Jesus brought “liberty to the captives.” Just as Israel had been returned from captivity, in Jesus’ day he released many held captive by demons or sickness. Spiritually, he brought release from the captivity of sin (cf. 2 Timothy 2:26).
He brought “recovering of sight to the blind” by curing not only physical blindness, but, more importantly, spiritually blinded eyes (cf. John 9:39; Revelation 3:18).
Jesus “set at liberty those who are oppressed,” or, as Paul would write, “where the Spirit of the Lord is, there is freedom” (2 Corinthians 3:17).
In the context of Isaiah, the “year of the Lord’s favor” was the year of Jubilee, the fiftieth year in which a trumpet was blown and liberty proclaimed in the land (cf. Leviticus 25) as a precursor to eventual freedom in Christ. “So if the Son sets you free, you will be free indeed” (John 8:36).
A Stare
“And he rolled up the scroll and gave it back to the attendant and sat down. And the eyes of all in the synagogue were fixed on him” (v. 20).
Remember, Jesus’ fame was already spreading to the people in that room (v. 23). The suspense of the moment must have been great. Jesus had to live with the pressure of all eyes on him. This did not intimidate him. This did not make him hush. This did not make his voice quaver. He could handle a pressure-filled moment with the confidence that comes with knowing you’re right and on God’s side.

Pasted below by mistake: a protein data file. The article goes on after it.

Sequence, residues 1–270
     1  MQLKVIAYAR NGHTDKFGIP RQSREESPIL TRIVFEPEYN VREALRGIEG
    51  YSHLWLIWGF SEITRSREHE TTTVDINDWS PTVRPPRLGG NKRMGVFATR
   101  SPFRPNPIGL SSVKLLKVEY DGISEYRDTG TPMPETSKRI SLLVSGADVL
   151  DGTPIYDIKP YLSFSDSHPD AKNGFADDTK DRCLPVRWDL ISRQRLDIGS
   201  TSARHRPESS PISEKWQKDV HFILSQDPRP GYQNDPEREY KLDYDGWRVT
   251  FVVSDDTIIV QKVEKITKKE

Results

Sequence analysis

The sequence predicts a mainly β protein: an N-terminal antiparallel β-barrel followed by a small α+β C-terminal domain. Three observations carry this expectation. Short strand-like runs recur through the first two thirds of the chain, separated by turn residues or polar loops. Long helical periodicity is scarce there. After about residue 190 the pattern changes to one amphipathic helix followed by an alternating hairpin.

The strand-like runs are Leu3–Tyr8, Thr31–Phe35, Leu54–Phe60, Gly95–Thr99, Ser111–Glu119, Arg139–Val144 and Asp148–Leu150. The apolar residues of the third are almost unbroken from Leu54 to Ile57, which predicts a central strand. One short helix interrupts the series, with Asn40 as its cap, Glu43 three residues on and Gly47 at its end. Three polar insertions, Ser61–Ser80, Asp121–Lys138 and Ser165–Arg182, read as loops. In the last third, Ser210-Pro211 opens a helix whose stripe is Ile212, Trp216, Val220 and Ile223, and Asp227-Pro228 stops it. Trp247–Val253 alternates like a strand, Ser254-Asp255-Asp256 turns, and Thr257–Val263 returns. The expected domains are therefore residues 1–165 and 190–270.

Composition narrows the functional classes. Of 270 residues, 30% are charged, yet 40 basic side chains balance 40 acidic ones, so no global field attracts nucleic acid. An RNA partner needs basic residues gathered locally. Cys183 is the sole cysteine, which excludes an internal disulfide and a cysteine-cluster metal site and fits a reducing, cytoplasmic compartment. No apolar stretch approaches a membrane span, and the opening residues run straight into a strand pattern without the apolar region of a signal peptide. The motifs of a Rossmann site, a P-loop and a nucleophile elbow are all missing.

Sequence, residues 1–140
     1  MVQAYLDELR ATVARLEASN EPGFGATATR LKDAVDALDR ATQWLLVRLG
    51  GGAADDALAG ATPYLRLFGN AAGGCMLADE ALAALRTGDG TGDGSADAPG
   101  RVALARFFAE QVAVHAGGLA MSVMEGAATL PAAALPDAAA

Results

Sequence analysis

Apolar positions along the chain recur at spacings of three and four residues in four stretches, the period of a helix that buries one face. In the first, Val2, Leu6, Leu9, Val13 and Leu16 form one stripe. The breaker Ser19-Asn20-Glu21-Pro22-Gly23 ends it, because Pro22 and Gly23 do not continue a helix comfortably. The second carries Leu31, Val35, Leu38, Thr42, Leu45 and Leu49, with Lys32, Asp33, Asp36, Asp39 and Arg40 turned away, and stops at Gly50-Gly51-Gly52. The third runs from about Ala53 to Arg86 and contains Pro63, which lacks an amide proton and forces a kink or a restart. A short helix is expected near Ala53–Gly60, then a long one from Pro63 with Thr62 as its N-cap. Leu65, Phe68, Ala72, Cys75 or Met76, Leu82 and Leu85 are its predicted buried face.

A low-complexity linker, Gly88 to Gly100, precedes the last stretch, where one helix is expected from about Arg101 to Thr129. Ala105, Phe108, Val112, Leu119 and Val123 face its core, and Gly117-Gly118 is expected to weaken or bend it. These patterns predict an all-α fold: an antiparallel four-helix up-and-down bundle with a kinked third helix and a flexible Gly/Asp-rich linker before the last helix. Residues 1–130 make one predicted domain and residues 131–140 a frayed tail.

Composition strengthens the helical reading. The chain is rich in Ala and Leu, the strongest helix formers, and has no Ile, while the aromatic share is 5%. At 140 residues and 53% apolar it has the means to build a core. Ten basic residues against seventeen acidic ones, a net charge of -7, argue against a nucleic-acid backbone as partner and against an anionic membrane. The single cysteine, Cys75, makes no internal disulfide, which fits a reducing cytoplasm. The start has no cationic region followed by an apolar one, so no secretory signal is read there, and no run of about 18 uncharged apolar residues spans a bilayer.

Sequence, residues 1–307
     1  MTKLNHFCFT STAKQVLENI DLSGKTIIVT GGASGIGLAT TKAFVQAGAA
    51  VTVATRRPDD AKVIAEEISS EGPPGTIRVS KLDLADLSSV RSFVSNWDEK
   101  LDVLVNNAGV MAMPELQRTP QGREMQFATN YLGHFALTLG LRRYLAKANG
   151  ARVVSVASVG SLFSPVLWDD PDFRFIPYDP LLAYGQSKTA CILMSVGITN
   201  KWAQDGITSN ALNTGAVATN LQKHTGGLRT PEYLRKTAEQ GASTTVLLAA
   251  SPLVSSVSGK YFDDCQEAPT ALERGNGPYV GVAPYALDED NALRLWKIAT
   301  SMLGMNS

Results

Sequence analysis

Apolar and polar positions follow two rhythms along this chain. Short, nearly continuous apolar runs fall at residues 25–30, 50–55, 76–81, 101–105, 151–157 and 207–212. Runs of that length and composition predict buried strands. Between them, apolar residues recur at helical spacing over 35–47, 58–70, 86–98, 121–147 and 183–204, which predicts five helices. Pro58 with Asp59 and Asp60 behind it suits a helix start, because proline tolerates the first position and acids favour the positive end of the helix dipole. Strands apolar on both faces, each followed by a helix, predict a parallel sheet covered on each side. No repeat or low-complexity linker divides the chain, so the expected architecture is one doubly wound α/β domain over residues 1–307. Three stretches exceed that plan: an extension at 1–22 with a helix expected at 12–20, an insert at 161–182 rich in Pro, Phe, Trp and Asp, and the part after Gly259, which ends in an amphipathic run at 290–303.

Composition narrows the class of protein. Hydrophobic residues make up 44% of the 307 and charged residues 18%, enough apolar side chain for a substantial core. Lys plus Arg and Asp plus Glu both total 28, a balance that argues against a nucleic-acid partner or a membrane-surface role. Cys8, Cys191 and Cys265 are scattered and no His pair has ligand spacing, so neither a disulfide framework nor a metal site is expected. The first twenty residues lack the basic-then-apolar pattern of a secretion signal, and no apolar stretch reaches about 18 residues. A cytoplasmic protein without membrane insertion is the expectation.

What of us? Can we stand the pressure when the world’s eyes are on us — even in a disapproving way? Are you willing to boldly stand for the truth in the presence of truth’s enemies? Or will you wilt under the gaze of opposition?
As Christians, we do not seek the limelight, but we often end up there by virtue of our lives being so different from the world. We may meet the questioning stare, the glaring stare, the hateful stare or the approving stare. Whatever the audience, Jesus could respond with dignity, love, courage and uncompromising truth.
A Statement
“And he began to say to them, ‘Today this Scripture has been fulfilled in your hearing'” (v. 21).
All looked at him in anticipation, waiting to see what Jesus would say next. He does not allude to the glories of days gone by. He does not forecast great things to come.
Instead, Jesus rivets everyone’s attention to the moment at hand — the here and now. And right here and right now, Jesus says, a piece of Scripture is being fulfilled in their very ears.
What a statement! The wonderful blessings predicted by Isaiah over 700 years prior were finding their application in a moment of history, among a small group of Jews, in a diminutive synagogue of Nazareth. The messianic era was no longer a distant dream. It was here. It was him.
We can scarcely imagine being in a worship service with Jesus himself sitting a few rows away, much less hearing him stand up to speak.
Then again, wasn’t it he who said, “For where two or three are gathered in my name, there am I among them” (Matthew 18:20)?
Thinking of it that way, when we assemble to worship, Jesus is not that far away after all.
Weylan is the pulpit preacher for the Northwest church of Christ in Fort Worth, Tex.

We can scarcely imagine being in a worship service with Jesus himself sitting a few rows away, much less hearing him stand up to speak.